You are on page 1of 5

Americans for Financial Reform * Center for Justice and Democracy * Consumer Action * Consumer Federation of America * Consumers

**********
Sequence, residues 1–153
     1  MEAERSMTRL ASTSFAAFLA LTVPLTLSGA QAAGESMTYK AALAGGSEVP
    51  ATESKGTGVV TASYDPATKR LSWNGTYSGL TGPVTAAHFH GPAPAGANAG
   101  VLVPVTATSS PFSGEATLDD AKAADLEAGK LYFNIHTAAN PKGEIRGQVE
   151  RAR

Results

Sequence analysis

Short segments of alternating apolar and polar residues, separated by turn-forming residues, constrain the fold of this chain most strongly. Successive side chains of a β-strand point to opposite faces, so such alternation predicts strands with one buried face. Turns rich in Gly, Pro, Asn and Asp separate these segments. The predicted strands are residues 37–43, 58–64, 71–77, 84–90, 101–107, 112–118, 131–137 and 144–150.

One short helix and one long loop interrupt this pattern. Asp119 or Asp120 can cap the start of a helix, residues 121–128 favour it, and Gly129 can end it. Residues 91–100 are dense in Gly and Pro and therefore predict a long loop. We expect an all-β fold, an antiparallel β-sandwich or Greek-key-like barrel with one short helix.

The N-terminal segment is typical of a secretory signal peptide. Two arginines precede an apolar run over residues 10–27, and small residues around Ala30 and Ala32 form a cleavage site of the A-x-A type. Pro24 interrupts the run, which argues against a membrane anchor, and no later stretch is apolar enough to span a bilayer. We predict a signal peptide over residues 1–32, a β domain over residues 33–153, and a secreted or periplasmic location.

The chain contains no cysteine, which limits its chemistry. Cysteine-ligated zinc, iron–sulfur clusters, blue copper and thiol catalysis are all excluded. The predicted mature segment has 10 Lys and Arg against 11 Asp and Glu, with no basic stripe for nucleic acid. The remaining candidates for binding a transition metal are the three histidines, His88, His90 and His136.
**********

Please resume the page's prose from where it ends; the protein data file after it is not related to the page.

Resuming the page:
for Auto Reliability and Safety * Citizen Works * D.C. Consumer Rights Coalition * Homeowners Against Deficient Dwellings * National Association of Consumer Advocates * National Consumer Law Center (on behalf of its low income clients) * National Consumers League * Public Citizen * U.S. PIRG * Workplace Fairness August 6, 2013 Consumer Financial Protection Bureau Attention: PRA Office 1700 G Street NW, Washington, DC 20552 Via: Comments to the Consumer Financial Protection Bureau on the Proposed Information Collection, Telephone Survey Exploring Consumer Awareness of and Perceptions Regarding Dispute Resolution Provisions in Credit Card Agreements, Docket ID: CFPB-2013-0016 Introduction The undersigned public interest organizations appreciate the opportunity to offer comments concerning the Consumer Financial Protection Bureaus (Bureau) proposed national telephone survey of 1,000 credit card holders as part of its study of predispute binding mandatory (or forced) arbitration, required under Section 1028(a) of the DoddFrank Wall Street Reform and Consumer Protection Act. Our organizations have long known and demonstrated through published studies and reports that pre-dispute binding mandatory (or forced) arbitration clauses in consumer and employment contracts are unfair, and that most consumers and employees are unaware of the existence and impact of the clauses. Nevertheless, we strongly support the CFPBs study of the use of forced arbitration in contracts for consumer financial services and products, and more specifically its investigation of consumers awareness of, and perceptions relating to forced arbitration. We anticipate that the findings should lead the Bureau to promulgate rulemaking to ban forced arbitration in contracts for consumer financial services and products. Background In its supporting statement for this proposed information collection, the Bureau cited to prior surveys that had examined consumer awareness and interactions with forced arbitration in various sectors. One of these was a 2009 survey commissioned by the